What is already known on this topic
Alcohol intake is increasing among people aged ≥65 years and, in conjunction with greater morbidity and prescription drug use, this age group is at risk of alcohol related problems because of impaired metabolism of alcohol with age. Meta-analyses of observational data repeatedly indicate that, compared with non-drinkers, moderate consumption may be protective against cardiovascular diseases and all cause mortality. It is unclear from existing evidence whether the protective effect of moderate alcohol consumption is both real and applicable to older populations.
What this study adds
Data from up to 10 cohorts representative of the English population, suggest that previous associations indicating a protective effect between alcohol intake and all cause mortality may have been partly attributable to inappropriate selection of the referent group and weak adjustment for confounders. When compared with self reported never drinkers, protective associations were largely limited to women drinkers aged 65 years or more. Little to no protection was present in other age-sex groups.
Objectives To examine the suitability of age specific limits for alcohol consumption and to explore the association between alcohol consumption and mortality in different age groups.
Design Population based data from Health Survey for England 1998-2008, linked to national mortality registration data and pooled for analysis using proportional hazards regression. Analyses were stratified by sex and age group (50-64 and ≥65 years).
Setting Up to 10 waves of the Health Survey for England, which samples the non-institutionalised general population resident in England.
Participants The derivation of two analytical samples was based on the availability of comparable alcohol consumption data, covariate data, and linked mortality data among adults aged 50 years or more. Two samples were used, each utilising a different variable for alcohol usage: self reported average weekly consumption over the past year and self reported consumption on the heaviest day in the past week. In fully adjusted analyses, the former sample comprised Health Survey for England years 1998-2002, 18 368 participants, and 4102 deaths over a median follow-up of 9.7 years, whereas the latter comprised Health Survey for England years 1999-2008, 34 523 participants, and 4220 deaths over a median follow-up of 6.5 years.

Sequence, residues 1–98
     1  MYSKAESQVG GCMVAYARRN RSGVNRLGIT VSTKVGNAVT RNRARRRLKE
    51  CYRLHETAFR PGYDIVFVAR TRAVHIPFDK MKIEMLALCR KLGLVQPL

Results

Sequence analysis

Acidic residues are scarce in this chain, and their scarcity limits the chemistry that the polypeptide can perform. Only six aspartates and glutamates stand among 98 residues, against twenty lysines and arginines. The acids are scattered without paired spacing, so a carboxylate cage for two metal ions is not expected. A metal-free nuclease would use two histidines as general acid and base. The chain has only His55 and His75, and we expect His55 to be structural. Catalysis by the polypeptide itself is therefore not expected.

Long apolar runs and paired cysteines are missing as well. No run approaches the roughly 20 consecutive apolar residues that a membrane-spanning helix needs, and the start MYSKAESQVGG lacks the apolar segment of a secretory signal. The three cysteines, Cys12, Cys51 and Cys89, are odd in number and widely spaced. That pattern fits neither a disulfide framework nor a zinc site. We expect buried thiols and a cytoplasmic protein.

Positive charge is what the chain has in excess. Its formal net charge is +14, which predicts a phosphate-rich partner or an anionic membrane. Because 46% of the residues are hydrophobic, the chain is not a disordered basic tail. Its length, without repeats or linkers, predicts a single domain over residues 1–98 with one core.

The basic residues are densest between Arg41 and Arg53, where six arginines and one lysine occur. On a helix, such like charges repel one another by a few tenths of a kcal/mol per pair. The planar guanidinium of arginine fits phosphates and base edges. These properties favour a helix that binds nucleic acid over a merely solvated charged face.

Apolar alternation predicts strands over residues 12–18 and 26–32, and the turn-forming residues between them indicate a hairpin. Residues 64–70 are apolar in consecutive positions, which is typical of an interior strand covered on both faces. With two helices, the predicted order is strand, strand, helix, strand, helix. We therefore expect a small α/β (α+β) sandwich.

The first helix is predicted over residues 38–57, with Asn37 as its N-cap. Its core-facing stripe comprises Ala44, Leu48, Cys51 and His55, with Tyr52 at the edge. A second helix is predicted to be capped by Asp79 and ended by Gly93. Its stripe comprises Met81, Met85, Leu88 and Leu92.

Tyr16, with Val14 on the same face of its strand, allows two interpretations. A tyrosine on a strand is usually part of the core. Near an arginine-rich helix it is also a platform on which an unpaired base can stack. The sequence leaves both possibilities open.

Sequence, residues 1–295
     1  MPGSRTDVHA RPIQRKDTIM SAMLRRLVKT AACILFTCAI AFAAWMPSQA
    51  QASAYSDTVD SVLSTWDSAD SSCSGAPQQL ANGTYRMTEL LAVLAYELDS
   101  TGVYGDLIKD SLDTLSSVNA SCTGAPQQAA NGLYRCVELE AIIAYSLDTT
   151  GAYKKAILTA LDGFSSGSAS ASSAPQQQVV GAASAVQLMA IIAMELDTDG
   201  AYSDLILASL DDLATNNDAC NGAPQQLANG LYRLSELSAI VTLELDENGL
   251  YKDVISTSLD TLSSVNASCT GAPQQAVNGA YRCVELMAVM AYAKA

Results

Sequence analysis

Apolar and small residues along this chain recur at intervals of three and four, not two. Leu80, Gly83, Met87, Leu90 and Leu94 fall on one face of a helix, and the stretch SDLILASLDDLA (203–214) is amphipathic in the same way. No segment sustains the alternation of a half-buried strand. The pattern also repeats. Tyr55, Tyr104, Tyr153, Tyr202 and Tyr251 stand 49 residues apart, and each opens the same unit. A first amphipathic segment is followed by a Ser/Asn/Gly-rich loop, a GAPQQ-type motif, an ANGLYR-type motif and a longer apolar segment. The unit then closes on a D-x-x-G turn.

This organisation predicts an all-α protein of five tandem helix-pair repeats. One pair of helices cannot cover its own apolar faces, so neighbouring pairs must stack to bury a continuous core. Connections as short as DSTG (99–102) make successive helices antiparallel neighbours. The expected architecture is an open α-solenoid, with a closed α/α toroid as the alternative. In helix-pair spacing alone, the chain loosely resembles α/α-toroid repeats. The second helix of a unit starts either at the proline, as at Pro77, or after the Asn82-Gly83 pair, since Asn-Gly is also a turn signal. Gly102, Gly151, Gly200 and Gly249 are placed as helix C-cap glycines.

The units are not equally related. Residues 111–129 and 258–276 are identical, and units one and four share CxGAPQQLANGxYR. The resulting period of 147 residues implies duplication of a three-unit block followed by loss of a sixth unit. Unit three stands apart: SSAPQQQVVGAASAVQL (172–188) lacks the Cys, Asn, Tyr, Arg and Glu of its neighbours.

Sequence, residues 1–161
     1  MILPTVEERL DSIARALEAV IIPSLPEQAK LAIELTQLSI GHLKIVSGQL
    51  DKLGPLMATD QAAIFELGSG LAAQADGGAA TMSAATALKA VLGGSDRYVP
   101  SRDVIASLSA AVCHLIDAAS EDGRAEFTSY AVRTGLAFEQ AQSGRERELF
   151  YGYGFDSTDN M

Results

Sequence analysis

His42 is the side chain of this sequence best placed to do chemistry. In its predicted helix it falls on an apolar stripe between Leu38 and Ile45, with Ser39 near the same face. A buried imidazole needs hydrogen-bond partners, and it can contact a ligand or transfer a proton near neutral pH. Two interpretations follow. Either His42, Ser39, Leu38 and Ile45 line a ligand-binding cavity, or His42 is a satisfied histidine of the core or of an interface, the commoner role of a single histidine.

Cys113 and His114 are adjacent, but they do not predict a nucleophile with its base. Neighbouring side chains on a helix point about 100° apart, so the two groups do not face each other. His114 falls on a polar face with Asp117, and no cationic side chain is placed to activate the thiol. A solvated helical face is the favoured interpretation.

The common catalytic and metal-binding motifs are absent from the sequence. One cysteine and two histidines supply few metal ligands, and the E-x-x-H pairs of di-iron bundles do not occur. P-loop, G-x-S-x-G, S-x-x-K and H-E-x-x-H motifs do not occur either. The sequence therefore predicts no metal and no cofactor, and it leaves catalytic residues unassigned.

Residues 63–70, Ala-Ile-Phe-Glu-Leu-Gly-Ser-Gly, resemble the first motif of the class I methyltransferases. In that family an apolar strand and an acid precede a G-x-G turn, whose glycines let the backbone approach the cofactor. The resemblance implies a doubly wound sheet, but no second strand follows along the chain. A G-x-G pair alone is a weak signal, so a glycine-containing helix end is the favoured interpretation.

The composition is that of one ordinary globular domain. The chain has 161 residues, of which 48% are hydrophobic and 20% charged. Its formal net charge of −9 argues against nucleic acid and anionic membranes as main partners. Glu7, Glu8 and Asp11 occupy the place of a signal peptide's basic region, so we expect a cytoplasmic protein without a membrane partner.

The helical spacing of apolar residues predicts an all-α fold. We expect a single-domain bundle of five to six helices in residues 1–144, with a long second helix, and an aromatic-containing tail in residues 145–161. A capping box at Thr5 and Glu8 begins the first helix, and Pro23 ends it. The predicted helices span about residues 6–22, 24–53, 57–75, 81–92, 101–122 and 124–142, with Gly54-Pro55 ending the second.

Main outcome measure All cause mortality, defined as any death recorded between the date of interview and the end of data linkage on 31 March 2011.
Results In unadjusted models, protective effects were identified across a broad range of alcohol usage in all age-sex groups. These effects were attenuated across most use categories on adjustment for a range of personal, socioeconomic, and lifestyle factors. After the exclusion of former drinkers, these effects were further attenuated. Compared with self reported never drinkers, significant protective associations were limited to younger men (50-64 years) and older women (≥65 years). Among younger men, the range of protective effects was minimal, with a significant reduction in hazards present only among those who reported consuming 15.1-20.0 units/average week (hazard ratio 0.49, 95% confidence interval 0.26 to 0.91) or 0.1-1.5 units on the heaviest day (0.43, 0.21 to 0.87). The range of protective effects was broader but lower among older women, with significant reductions in hazards present ≤10.0 units/average week and across all levels of heaviest day use. Supplementary analyses found that most protective effects disappeared where calculated in comparison with various definitions of occasional drinkers.
Conclusions Beneficial associations between low intensity alcohol consumption and all cause mortality may in part be attributable to inappropriate selection of a referent group and weak adjustment for confounders. Compared with never drinkers, age stratified analyses suggest that beneficial dose-response relations between alcohol consumption and all cause mortality may be largely specific to women drinkers aged 65 years or more, with little to no protection present in other age-sex groups. These protective associations may, however, be explained by the effect of selection biases across age-sex strata.